To Improve Your Mood This Season, Try Baking, Studies Say
Breaking news: One way to quell anxiety around the holidays is as easy as buying a box of cake mix and a pint of frosting, and start baking. Several recent studies suggest rituals such as baking are calming and can help adults boost their mood, stay present, reduce anxiety and even help cope with grief. The key is to find something you can do to feel like a "maker," whether it's baking, making crafts (or ornaments), cards, gifts, or other "do-it-yourself" or creative activities.
In a survey published by the Journal of Happiness Studies, 465 young adults claim they spend more than 3 hours a week participating in "maker" activities – which include creative endeavors such as baking, home improvement, crafting, or gardening – and these rituals acted as mood repairers that helped their ability to "stay present-focused." The findings of the survey also suggested that having a "maker" identity (where you create something with your own hands) was associated with improved well-being, linked to excitement or stimulation during these activities.
Another area that was positively impacted by culinary therapy, was grief counseling. In programs for people who had lost a loved one, cooking for themselves helped reduce complicated grief associations for people, according to a study published by the Journal of Palliative Medicine. No one is saying you'll stop feeling grief, but cooking and baking can help connect you with traditions or revive holiday memories that have positive associations.
A similar study suggests that engaging in cooking or baking increases mental well-being and has a positive effect on an individual who may feel overly busy and pausing to make a favorite recipe can help hit reset. In addition, research also shows that individuals who participate in support treatment groups found baking and cooking to help their mental health.
Baking for others is therapeutic
In addition to those studies, one expert, DonnaPincus, who is an associate professor of psychological and brain sciences at Boston University weighed in. "Baking has the benefit of allowing people creative expression,” Pincus told HuffPost. “There’s a lot of literature for connection between creative expression and overall wellbeing. Whether it’s painting or it’s making music [or baking], there is a stress relief that people get from having some kind of an outlet and a way to express themselves.”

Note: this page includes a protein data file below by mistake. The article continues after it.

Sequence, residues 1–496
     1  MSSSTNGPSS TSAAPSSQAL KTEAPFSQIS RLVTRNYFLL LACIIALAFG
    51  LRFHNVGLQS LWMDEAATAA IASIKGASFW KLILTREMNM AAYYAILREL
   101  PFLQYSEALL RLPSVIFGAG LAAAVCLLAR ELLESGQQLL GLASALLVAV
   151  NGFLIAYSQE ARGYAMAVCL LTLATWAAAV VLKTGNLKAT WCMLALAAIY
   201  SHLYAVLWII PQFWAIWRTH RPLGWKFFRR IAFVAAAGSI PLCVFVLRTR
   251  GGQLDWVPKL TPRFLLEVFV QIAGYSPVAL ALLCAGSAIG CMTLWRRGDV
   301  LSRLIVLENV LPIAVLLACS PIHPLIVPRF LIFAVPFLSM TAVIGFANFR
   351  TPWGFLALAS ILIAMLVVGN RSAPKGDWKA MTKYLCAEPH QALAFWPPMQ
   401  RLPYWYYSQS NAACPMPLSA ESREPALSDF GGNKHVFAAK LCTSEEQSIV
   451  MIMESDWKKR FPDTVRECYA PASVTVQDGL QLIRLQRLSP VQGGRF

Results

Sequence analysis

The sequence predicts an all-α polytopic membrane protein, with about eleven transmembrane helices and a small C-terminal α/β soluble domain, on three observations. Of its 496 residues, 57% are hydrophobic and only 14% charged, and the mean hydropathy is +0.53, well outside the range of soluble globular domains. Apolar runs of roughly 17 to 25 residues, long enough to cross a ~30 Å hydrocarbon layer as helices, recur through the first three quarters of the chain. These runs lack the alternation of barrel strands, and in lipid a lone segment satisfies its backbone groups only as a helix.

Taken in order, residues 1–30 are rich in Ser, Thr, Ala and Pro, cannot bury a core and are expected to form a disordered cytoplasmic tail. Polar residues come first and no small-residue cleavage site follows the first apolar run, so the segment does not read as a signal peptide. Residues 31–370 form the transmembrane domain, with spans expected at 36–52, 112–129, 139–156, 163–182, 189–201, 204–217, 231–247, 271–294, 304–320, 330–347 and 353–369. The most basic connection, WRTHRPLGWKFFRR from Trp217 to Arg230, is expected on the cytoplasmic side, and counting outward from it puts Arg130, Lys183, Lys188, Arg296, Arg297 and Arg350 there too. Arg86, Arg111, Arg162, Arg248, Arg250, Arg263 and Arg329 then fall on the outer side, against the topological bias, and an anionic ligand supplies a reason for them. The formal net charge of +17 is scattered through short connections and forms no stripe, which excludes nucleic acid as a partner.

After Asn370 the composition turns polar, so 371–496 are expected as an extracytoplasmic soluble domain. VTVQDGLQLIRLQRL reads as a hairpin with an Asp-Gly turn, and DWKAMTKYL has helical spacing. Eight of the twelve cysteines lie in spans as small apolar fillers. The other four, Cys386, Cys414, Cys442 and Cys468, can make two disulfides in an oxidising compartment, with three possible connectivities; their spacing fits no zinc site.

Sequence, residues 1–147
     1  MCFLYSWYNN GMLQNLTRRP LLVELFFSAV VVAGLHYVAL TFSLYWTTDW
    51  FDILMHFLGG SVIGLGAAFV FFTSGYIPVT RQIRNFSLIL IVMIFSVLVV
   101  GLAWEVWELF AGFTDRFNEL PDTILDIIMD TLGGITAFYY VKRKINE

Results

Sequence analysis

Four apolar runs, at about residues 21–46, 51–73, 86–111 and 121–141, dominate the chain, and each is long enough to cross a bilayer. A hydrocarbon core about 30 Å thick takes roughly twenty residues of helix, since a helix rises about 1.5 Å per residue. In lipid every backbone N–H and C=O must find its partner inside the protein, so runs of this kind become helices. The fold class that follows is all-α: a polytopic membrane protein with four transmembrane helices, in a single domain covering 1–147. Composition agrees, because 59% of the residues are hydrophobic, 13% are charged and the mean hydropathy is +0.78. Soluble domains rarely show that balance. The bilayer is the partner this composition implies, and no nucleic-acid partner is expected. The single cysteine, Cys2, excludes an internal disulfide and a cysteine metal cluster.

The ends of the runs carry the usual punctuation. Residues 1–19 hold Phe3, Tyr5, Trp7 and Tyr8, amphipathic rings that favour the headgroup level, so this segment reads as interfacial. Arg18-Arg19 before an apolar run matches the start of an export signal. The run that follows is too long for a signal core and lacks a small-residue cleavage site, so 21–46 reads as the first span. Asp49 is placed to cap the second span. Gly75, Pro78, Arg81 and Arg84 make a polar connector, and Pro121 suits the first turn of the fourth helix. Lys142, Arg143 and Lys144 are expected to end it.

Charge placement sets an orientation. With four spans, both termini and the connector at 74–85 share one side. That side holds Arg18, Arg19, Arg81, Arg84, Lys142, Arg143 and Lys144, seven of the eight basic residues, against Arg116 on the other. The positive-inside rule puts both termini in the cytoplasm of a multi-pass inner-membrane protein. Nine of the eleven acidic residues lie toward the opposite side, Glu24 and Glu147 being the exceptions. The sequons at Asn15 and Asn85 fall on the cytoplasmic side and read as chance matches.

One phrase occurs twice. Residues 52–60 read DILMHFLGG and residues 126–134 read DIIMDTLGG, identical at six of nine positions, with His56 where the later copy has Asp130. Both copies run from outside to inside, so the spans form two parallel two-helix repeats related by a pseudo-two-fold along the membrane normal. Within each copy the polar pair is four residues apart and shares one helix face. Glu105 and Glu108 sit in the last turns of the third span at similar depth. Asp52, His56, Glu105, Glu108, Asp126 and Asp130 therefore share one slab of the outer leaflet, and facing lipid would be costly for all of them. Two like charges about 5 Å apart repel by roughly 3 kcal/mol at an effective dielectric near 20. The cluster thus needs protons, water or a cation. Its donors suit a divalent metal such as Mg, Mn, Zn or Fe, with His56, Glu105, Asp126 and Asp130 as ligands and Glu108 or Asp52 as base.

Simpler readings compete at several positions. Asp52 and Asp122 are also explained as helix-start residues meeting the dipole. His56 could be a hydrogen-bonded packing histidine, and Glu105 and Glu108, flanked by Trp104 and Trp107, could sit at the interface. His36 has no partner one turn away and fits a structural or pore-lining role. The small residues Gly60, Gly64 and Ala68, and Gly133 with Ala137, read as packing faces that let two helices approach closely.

“Baking actually requires a lot of full attention. You have to measure, focus physically on rolling out dough. If you’re focusing on smell and taste, on being present with what you’re creating, that act of mindfulness in that present moment can also have a result in stress reduction,” Pincus added.
John Whaite, the baker who won “The Great British Bake Off” in 2012, has said that baking has been helpful for him in dealing with his manic depression.
Aas therapeutic as baking may be for us, it also gives someone else something to smile about. “Baking for others can increase a feeling of wellbeing, contribute to stress relief and make you feel like you’ve done something good for the world, which perhaps increases your meaning in life and connection with other people,” Pincus told HuffPo.
So this holiday season, treat yourself and your loved ones to your favorite baked goods, made during a joyful (or at least peaceful) afternoon or evening, while you reap the benefits of staying present, calm, and mindful. If you really want to boost overall well-being, ditch the eggs and dairy since a plant-based diet has been shown to reduce the risk of depression.
Bottom Line: Try Baking to Improve Your Mood this Holiday Season
Choose from The Beet's selection of vegan dessert recipes or try one of Laird Superfood's vegan baking mixes, brownies, cookies, pancakes, and waffles, which are all packed with superfoods and other ingredients that help boost immunity. Baking healthier-for-you treats is even better for you, of course.